The Accidental Sex Therapist

Helping Clients Get “Dumb and Happy”

Magazine Issue
January/February 2019
A man and a woman cuddling on a couch

Q: I’m not a sex therapist, but clients sometimes bring up sexual issues in treatment. I don’t feel competent having these discussions. What’s the best thing to do?

A: First, congratulate yourself on the fact that your clients feel comfortable enough to tell you about these issues. Many individuals and couples stay in therapy for years without ever mentioning their struggles with sex. So count this as good news!

It’s a shame that so many therapists shy away from talking about sex in the consulting room, believing that they don’t have sufficient expertise. The reality is that any well-trained therapist can help clients understand, and in many cases even resolve, sexual problems—simply by using their natural curiosity, some common sense, and a few key tools.

Let’s say, for example, you’ve been treating a young woman, Carmen, in counseling for issues related to managing stress in her life. After several months, Carmen tells you she’s begun a relationship with a new man, Scott, whom she likes very much. Several weeks into their relationship, Carmen comes into your office looking upset. She takes a deep breath and surprises you by saying, “When Scott and I have sex, I just don’t feel anything at all.”

What do you do? You could refer her to a sex therapist, but right now it’s just the two of you, and she’s just trusted you with something very intimate. Like it or not, for the rest of this session you’re her accidental sex therapist. Here’s how to make the most of the opportunity.

First Steps

At this point, you have absolutely no idea what Carmen’s talking about when she says she doesn’t “feel anything” during sex. Don’t worry. Neither do I. That’s typical. People don’t usually express themselves very clearly when it comes to sex. They tend to get vague.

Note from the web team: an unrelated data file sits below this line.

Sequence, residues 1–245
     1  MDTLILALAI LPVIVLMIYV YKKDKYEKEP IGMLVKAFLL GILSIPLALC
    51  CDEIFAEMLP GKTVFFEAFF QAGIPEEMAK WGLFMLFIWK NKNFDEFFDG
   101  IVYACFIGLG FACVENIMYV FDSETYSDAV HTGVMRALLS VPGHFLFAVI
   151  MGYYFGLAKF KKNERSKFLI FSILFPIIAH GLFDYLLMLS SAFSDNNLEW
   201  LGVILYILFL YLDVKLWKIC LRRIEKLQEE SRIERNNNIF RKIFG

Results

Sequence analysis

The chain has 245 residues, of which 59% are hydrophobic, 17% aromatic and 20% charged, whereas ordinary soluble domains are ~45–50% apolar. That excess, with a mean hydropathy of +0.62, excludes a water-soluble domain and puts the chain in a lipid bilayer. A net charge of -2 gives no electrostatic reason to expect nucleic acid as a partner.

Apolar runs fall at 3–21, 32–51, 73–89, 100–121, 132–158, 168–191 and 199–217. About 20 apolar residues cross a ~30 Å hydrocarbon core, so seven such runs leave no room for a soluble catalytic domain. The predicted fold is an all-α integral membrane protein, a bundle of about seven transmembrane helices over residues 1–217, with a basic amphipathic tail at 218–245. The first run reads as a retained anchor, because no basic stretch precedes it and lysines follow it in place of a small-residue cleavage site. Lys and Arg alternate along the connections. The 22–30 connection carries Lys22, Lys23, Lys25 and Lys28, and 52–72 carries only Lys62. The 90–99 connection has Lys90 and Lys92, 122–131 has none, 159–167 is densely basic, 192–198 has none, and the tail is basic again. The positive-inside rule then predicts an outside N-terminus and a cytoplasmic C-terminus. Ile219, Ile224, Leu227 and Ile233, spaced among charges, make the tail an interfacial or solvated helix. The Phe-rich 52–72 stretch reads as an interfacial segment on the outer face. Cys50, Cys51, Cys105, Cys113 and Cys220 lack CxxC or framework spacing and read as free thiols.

But let’s see if we can figure it out. There are roughly three parts to sex: desire, arousal, and orgasm. You’ll want to make sure to ask her about all three.

Beginning with desire, you ask, “Are you attracted to him?”

“Sure,” she says, though her desire is starting to diminish since she can’t feel anything when they have sex.

“Do you have orgasms?” you ask.

“Yes,” she says, she’s had plenty of orgasms. Not with him yet, but she knows that can take some time. So no, she explains, she’s not referring to orgasms when she says, “I don’t feel anything.” By process of elimination, that leaves arousal as the likely issue.

Asking about arousal can be tricky, since arousal has both a physical aspect and a psychological one. You ask her if she gets wet. Yes, she tells you, she gets fully wet, and physical intercourse isn’t a problem.

Again, by process of elimination, she seems to be describing a problem with psychological arousal. That’s not surprising. Psychological arousal tends to be at the heart of most good sex. Ask someone to recall the best sex of their lives, and they’ll usually tell you about a time when they felt very psychologically aroused. Conversely, when someone refers to bad sex, it typically means they just went through the motions without feeling psychologically aroused at all.

Finding the Words

Most clients lack a vocabulary for describing how arousal feels. Masters and Johnson spent many years studying what happens to people’s bodies when they get aroused, but few investigators have tried to understand the psychological aspect of it. For years, I’ve been asking clients to examine it in their own lives. Given their answers, here’s my short list of what ideally happens when you get aroused:

  • You get absorbed in the moment. You stop thinking about bills, worries, responsibilities—your entire portfolio of ordinary concerns slips away. Your time sense gets distorted. If someone gave you an IQ test during peak arousal, you wouldn’t do all that well on it. In fact, they might have a hard time getting you to pay attention to the questions!
  • You regress to a more infantile state of mind. You become more selfish, less patient. If the phone rings during lovemaking, you don’t care who’s calling or what they want. You may feel very close to your partner, but you’re not really interested in hearing about their day. You just want them to give you their complete attention and tell you how wonderful you are.
  • You feel great about yourself. When you’re highly aroused, you have a feeling of “yes, that’s me!” You feel in touch with your deepest, most authentic self. It’s a grateful feeling. “Thank you for finding me. The me of me. Thank you for bringing me home to where I really live.”